!inducing hypothermia or heat injury;
!conducting mock executions; and82
!depriving the detainee of necessary food, water, or medical care.
In addition, the Manual restricts the use of certain other interrogation
techniques, but these restrictions may be due to other legal obligations besides those83
imposed by the McCain Amendment.
79 See supra pp. 10-11.
80 P.L. 109-148, Title X, § 1004; P.L. 109-163, Title XIV, § 1404.
81 P.L. 109-148, Title X, § 1004; P.L. 109-163, Title XIV, § 1404.
82 Department of the Army Field Manual 34-52, Human Intelligence Collector Operations,
at 5-75 (2006), available at
83 The Manual provides that three interrogation techniques may only be used with higher-
level approval: (1) “Mutt and Jeff”, a good-cop, bad-cop interrogation tactic where a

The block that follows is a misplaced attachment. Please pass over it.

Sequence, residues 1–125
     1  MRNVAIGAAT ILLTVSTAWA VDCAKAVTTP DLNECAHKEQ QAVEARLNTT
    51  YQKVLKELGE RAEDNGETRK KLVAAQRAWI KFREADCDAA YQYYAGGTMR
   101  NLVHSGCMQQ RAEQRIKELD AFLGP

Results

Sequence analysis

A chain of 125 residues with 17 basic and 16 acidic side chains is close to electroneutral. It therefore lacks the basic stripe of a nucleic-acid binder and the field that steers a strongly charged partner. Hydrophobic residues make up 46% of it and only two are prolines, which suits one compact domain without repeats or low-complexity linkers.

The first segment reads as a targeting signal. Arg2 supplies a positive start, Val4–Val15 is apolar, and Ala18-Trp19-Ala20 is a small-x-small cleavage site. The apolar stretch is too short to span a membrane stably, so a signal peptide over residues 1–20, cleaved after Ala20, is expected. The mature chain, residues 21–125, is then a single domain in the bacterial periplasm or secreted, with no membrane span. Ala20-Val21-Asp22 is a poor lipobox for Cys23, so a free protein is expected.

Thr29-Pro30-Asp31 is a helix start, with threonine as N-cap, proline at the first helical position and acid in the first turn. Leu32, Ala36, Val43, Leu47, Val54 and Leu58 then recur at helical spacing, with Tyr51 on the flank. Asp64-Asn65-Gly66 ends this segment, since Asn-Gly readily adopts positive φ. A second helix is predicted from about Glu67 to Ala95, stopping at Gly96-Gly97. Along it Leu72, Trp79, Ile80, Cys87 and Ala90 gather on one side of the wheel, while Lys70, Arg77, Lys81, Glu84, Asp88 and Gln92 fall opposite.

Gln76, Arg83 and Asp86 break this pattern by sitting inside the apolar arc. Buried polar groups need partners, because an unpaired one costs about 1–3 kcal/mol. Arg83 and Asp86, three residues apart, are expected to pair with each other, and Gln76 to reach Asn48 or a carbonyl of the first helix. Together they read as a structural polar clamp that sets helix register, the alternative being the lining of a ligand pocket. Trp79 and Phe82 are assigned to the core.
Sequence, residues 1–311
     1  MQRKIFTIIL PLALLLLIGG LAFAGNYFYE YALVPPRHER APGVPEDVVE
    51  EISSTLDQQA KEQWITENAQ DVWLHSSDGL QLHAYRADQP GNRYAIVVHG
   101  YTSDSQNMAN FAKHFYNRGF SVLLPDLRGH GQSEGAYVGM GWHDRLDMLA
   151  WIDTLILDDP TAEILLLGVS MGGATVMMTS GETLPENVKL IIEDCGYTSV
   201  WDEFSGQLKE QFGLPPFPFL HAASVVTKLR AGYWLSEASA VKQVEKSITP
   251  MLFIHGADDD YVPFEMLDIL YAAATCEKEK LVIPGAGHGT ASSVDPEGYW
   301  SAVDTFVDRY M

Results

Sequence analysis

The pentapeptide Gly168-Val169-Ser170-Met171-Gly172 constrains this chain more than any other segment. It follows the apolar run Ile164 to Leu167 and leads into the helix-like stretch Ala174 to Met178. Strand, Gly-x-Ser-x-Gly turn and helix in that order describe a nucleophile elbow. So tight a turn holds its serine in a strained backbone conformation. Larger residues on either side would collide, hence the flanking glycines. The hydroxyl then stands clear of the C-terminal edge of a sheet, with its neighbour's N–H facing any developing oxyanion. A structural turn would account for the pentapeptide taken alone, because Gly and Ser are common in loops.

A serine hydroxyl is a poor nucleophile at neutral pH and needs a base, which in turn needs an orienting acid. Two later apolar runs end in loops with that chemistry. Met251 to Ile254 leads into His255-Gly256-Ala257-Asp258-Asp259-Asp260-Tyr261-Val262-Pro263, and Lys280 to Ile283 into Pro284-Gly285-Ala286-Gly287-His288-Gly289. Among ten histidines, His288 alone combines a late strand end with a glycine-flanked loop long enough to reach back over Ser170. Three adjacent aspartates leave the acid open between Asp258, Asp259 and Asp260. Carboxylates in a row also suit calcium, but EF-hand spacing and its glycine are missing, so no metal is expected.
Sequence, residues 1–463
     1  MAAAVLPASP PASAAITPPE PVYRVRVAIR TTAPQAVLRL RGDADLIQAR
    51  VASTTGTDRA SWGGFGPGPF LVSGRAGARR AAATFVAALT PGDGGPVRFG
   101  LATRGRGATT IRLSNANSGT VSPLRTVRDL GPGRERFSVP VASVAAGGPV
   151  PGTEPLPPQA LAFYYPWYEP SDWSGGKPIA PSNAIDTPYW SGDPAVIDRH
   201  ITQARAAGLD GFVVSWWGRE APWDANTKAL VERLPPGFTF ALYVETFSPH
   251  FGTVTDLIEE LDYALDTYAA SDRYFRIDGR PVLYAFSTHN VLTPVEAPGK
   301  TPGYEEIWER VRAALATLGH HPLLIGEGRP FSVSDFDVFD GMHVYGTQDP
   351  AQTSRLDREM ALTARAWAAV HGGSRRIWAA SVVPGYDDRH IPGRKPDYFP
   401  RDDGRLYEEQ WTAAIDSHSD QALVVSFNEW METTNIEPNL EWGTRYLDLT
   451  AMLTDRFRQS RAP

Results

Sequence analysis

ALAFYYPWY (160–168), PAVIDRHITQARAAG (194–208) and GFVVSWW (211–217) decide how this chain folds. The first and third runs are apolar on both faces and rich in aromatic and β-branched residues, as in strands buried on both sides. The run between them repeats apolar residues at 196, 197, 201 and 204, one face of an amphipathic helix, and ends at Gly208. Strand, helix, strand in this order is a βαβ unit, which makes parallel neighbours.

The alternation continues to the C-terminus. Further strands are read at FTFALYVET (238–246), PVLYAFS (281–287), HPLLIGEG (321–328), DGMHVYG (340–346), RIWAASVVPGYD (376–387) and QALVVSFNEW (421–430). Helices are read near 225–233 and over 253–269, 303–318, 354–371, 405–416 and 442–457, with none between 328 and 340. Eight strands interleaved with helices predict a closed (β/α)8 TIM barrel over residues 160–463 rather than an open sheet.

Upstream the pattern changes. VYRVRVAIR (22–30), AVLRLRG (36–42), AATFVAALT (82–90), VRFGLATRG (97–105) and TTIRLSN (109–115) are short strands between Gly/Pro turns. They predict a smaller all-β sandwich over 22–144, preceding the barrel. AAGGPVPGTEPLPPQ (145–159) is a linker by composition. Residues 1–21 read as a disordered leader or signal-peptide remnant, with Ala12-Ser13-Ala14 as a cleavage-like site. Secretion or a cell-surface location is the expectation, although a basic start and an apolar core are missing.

detainee is made to identify with the more friendly interrogator; (2) “false flag,” where a
detainee is made to believe he is being held by another country known to subject prisoners
to harsh interrogation; and (3) separation, by which detainees are separated so that they
cannot coordinate their stories. Separation may not be used against “lawful combatants,”
as this tactic is prohibited under the 1949 Geneva Convention Relative to the Treatment of
Restrictions on Interrogation of Detainees by the CIA. On July 20,
2007, President Bush signed an Executive Order barring the Central Intelligence
Agency (CIA) from employing certain interrogation methods against aliens suspected
of being members or supporters of Al Qaeda, the Taliban, or associated84
organizations. Specifically, the Order prohibits the use of
!torture, as defined under the Federal Torture Statute (18 U.S.C. §
!cruel, inhuman, or degrading treatment or punishment, as defined